Dark energy was proposed following observations of distant supernovae that appeared to be moving away from Earth faster than expected, suggesting the universe's expansion is accelerating.

How much of the universe is made up of dark matter and dark energy?

Approximately 27% of the universe is dark matter and about 68% is dark energy, with the rest being normal matter.

Can we see dark matter?

Dark matter cannot be observed directly because it doesn't interact with electromagnetic forces, which means it doesn't absorb, emit, or reflect light.

How is dark matter detected?

Dark matter is detected indirectly through its gravitational effects on visible matter, radiation, and the large-scale structure of the universe.

Why is dark matter important in the universe?

Dark matter gravitationally binds galaxies and galaxy clusters together, providing the "glue" that prevents them from falling apart.

Is dark matter a particle?

Though not yet confirmed, many scientists believe dark matter may be composed of undiscovered particles, and numerous experiments are seeking to identify them.

Can dark energy be harnessed for human use?

Currently, dark energy remains a theoretical construct and cannot be harnessed or utilized for human purposes.

Does dark energy have any relation to dark matter?

Dark energy and dark matter are distinct in nature and effect but are jointly considered in cosmological models due to their combined influence on the universe's structure and expansion.

Can dark energy turn into dark matter or vice versa?

There's no evidence or prevailing theory suggesting that dark energy and dark matter can transform into each other.

What are the effects of dark energy on the universe?

Dark energy contributes to the accelerated expansion of the universe, countering the gravitational attraction exerted by matter.

What is the cosmic role of dark energy?

Dark energy impacts the universe's fate, geometry, and expansion rate by counteracting gravity and facilitating accelerated cosmic expansion.

Why is dark energy perplexing to scientists?

Dark energy challenges our understanding of physics, especially concerning why it exists in the quantity it does and its precise effects on the future of the universe.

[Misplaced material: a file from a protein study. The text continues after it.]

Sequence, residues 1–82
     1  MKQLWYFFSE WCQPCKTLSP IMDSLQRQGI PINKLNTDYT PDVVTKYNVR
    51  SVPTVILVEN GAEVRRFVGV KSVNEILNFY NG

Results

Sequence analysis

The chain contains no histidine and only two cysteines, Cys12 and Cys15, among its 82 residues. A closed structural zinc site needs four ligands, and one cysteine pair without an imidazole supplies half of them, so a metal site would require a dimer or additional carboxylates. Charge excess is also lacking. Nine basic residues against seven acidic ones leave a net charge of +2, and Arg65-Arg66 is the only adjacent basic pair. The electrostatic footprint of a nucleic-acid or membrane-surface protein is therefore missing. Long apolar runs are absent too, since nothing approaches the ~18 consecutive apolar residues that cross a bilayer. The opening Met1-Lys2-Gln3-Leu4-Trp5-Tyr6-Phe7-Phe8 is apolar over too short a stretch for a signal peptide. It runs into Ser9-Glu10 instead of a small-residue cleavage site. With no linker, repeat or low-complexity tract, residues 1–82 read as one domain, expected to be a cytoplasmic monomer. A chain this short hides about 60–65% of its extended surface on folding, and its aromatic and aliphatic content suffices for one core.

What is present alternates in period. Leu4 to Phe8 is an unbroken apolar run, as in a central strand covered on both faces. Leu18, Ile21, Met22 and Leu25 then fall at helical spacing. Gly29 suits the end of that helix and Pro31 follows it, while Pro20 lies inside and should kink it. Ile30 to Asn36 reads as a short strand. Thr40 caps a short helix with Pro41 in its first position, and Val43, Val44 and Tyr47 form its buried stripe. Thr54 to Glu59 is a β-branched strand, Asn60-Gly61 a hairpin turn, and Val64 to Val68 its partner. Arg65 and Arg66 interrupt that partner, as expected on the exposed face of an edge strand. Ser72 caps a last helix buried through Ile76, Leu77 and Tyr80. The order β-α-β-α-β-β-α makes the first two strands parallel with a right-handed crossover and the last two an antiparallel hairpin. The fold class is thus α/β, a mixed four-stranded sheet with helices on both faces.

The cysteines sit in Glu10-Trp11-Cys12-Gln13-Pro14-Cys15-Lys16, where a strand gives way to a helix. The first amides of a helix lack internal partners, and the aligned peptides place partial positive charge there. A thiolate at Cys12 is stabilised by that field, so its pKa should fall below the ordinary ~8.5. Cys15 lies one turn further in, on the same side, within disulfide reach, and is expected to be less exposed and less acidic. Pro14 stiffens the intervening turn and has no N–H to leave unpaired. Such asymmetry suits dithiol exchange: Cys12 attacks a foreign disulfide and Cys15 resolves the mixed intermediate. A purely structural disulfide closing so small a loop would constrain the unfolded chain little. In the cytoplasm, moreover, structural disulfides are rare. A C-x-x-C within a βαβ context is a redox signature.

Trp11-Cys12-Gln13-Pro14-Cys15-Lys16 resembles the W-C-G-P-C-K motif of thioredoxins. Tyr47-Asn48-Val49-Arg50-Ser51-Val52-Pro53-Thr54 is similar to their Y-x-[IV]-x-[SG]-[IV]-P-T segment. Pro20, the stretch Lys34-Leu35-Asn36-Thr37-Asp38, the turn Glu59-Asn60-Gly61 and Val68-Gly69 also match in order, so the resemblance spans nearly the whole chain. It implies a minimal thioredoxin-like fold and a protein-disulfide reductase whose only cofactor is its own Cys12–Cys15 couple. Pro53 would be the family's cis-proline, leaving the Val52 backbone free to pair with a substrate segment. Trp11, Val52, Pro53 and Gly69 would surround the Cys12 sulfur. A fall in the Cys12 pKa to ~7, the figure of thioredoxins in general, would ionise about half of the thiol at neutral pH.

Where is dark matter located?

Dark matter is present throughout the universe, including within galaxies where it helps to bind stars together.

Is dark matter theory universally accepted?

While widely accepted, there are alternative theories to dark matter, like Modified Newtonian Dynamics (MOND), which adjusts classical physics to explain galactic behaviors.

Why is it called "dark" matter and "dark" energy?

The term "dark" is used because both dark matter and dark energy do not interact with light (electromagnetic radiation) and are invisible and mysterious.

Are dark matter and dark energy evenly distributed in the universe?

Dark matter is clumpy and helps form the structural skeleton of the universe, while dark energy appears to be smoothly distributed throughout it.

Does our planet contain dark matter?

Yes, dark matter particles are believed to pass through Earth, though they interact weakly with normal matter and are thus hard to detect.

Is there a possibility that dark matter and dark energy do not exist?

While widely recognized, some scientists explore alternative theories, though none have yet provided as coherent and comprehensive an explanation for observed cosmic phenomena as dark matter and dark energy theories.
About Author
Written by
Harlon Moss
Harlon is a seasoned quality moderator and accomplished content writer for Difference Wiki. An alumnus of the prestigious University of California, he earned his degree in Computer Science. Leveraging his academic background, Harlon brings a meticulous and informed perspective to his work, ensuring content accuracy and excellence.
Edited by
Janet White
Janet White has been an esteemed writer and blogger for Difference Wiki. Holding a Master's degree in Science and Medical Journalism from the prestigious Boston University, she has consistently demonstrated her expertise and passion for her field. When she's not immersed in her work, Janet relishes her time exercising, delving into a good book, and cherishing moments with friends and family.

Trending Comparisons

Popular Comparisons

New Comparisons